Knowing when to ‘assert’ and when to ‘give-way’ are important attributes for any spiritual traveller. As human-beings, we can find ourselves in all kind of circumstance as the day unfolds and our life progresses. Much of this will be mundane, but occasionally reality will take a shocking turn for the worst! No one saw the Covid19 pandemic arriving and virtually everyone was taken by surprise – despite numerous horror films over the years expressing narratives involving dystopic futures on a planet ravished by some type of illness, plague or other torturous device! Usually, such story-lines involve society collapsing back into an armed feudalism where brutality is the order of the day. Only the strong survive by preying on the weak. Of course, due to poverty and asymmetric economic development around the world, many people already live in these hellish conditions. I would add that even within the so-called ‘civilised’ areas of the world – killing and barbarity still exists – although it is hidden to a far greater extent (like a bad dream that people would rather forget).
Most people grow-up in the world learning to survive. Indeed, this is a crucial and necessary skill. It is not the skill of the huntsman or gathering skills of the scavenger – but rather the ability to navigate the character and personality of our fellow human-beings. Children can be cruel and adults can be deceptive – for many these observations are facts of life. This imbalance in the inner and outer environment must be dealt with in one way or another. Ch’an is not an easy undertaking because it requires a devoted self-effort to take on our own inner world before we set about attempting to make changes in our outer worlds. Many will attack and ridicule any attempt at self-discipline – but for the world to be a better place – self-discipline is exactly what is required. Looking within with clarity and steadfastness eventually develops to looking without with wisdom and knowledge!
Our personal circumstance can vary wildly through our lives. Many will experience poverty, homelessness, abuse and all kinds of deprivations – whilst others will experience only affluence and relative well-being, etc. The point is that regardless of the differences that define our outer existence, the empty mind ground is exactly the same for all beings! Master Xu Yun (1840-1959) lived a life continuously ‘gazing’ at the empty mind ground without any deviation whatsoever! More to the point – Master Xu Yun integrated his expedient self (or that which will eventually fall away) with the permanent and ever-present empty mind ground! Regardless of the situation he found himself in, or the circumstances he had to traverse – Master Xu Yun judged human reality not from the ego infected with greed, hatred and delusion – but rather from the pure and clean empty mind ground which underlies all reality and permeates the universe without end! Knowing where to place oneself in the phenomenal world - so as to maximise compassion, wisdom and loving kindness – is exactly possessing the skill of ‘moving’ and remaining ‘still’ in all situations!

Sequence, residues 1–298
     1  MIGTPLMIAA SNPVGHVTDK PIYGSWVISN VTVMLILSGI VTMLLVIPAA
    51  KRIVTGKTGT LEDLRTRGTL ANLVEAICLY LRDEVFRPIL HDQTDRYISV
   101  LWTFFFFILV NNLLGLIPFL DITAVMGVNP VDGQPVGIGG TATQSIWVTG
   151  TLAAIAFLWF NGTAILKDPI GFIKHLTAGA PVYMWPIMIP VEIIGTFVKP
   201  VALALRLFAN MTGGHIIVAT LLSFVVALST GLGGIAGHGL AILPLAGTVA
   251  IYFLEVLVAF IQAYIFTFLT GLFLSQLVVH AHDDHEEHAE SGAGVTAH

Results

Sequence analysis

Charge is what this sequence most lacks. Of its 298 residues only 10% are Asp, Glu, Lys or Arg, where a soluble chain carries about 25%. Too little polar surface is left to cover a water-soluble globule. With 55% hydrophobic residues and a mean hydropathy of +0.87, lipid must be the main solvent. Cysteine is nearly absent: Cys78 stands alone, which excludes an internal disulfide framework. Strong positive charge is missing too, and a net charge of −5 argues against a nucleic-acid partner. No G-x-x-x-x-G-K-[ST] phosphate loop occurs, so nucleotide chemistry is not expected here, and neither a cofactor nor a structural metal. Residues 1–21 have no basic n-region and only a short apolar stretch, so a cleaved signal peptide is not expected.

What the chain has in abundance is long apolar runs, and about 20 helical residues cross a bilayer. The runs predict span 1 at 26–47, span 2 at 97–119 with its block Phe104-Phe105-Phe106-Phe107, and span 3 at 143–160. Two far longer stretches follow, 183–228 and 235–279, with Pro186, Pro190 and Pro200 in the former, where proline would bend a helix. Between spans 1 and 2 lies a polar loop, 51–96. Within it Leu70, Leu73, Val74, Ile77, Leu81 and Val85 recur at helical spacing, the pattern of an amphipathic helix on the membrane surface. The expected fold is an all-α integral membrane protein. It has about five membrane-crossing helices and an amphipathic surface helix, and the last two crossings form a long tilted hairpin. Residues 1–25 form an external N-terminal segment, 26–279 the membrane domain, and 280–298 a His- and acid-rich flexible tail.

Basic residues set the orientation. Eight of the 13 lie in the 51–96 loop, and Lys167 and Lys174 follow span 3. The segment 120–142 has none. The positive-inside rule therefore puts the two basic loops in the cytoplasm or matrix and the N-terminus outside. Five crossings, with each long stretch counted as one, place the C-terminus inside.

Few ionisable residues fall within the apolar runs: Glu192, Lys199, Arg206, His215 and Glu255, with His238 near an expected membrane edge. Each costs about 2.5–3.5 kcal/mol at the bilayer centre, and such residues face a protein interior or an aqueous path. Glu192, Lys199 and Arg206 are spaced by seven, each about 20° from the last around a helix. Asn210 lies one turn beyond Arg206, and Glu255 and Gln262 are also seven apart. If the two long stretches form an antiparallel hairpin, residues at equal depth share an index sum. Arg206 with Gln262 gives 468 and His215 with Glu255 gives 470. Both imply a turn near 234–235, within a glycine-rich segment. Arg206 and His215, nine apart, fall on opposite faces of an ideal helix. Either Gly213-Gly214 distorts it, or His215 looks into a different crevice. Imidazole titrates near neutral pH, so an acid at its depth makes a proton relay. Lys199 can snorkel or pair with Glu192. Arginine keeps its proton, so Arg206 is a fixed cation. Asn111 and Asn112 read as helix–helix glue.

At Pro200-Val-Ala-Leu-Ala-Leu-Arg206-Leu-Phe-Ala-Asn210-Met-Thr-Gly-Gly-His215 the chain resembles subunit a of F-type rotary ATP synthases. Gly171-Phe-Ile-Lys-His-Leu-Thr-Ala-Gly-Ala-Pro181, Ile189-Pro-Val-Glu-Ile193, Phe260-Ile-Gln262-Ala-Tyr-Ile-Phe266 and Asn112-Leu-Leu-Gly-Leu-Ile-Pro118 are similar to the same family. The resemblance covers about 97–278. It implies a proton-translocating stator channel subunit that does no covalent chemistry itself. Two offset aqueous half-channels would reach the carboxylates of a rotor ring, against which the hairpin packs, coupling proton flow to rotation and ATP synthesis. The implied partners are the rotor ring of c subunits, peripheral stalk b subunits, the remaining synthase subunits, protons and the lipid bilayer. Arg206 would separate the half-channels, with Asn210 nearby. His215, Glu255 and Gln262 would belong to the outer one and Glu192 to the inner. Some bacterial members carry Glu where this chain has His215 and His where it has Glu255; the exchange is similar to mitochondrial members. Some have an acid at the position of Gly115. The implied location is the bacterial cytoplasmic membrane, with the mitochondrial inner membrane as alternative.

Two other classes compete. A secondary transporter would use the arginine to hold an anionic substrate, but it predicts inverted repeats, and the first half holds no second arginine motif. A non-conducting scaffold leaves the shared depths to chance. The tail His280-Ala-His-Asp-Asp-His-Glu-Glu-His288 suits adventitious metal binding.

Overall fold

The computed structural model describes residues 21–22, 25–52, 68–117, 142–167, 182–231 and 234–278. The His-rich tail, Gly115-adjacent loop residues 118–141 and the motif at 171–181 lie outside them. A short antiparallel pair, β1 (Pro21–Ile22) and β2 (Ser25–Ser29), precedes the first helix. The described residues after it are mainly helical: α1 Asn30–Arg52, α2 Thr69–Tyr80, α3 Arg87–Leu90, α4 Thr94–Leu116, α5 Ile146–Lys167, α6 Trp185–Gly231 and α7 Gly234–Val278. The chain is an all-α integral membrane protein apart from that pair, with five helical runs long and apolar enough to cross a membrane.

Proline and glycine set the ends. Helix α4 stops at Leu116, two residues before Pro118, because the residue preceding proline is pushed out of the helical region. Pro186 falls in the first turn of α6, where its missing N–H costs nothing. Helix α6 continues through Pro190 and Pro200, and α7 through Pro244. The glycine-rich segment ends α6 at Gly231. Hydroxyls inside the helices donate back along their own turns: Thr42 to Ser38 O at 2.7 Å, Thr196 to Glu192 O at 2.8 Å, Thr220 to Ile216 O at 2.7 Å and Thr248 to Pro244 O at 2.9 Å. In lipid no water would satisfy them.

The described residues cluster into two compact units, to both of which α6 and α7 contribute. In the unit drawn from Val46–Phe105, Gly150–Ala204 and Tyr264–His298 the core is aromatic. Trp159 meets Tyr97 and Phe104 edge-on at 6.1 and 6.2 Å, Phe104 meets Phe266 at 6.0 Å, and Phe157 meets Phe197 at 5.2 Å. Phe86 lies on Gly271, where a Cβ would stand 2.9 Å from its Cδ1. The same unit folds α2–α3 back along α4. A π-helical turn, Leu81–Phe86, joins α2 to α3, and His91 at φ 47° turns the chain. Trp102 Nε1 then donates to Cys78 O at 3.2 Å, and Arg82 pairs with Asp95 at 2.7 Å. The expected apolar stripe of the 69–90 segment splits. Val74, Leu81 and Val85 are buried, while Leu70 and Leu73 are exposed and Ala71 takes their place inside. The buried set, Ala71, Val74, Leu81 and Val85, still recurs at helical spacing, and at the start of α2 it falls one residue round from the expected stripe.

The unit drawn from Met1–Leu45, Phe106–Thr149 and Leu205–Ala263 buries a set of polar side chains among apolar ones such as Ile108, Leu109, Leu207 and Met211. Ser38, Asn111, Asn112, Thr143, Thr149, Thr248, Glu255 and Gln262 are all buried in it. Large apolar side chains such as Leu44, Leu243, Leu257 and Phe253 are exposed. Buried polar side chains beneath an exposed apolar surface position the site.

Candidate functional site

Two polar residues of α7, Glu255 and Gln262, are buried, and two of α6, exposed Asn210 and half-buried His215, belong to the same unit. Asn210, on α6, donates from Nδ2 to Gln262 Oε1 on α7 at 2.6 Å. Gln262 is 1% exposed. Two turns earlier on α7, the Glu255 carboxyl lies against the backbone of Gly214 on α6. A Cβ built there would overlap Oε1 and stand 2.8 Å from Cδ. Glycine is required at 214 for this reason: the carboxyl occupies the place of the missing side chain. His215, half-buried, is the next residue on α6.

Master Xu Yun (1840-1959) inherited all Five Schools of Ch'an Buddhism. So respected was his spiritual attainments that he was even transmitted lineages that he had not formally trained within - but whose teachers recognised that his depth of insight, humility and compassion fully equalled the divine levels of attainment that their schools demanded! In other words, without going out of his room, he knew all things (to quote the 'Book of Changes'). Chinese culture is very different to that of the modern West - despite the obvious similarities and intersections.
Within the schools of Chinese spirituality - individuals can live very long periods time - and lineages can be passed from long-dead Masters to living Teachers and Practitioners! There is no need to justify any of this, it is just how things are - pure and simple. Lineages are like streams that flow into mighty rivers and then the sea! A genuine lineage should have a compelling force all of its own that propels adherents toward the intended spiritual goal! A true lineage is like an ever-moving conveyor-belt that moves everything along - continuously - and in the same direction! We must all set a good example for our colleagues, students and descendants! If we cultivate virtue and set a good example - then by our pure actions we are 'adding' momentum to the lineages we represent!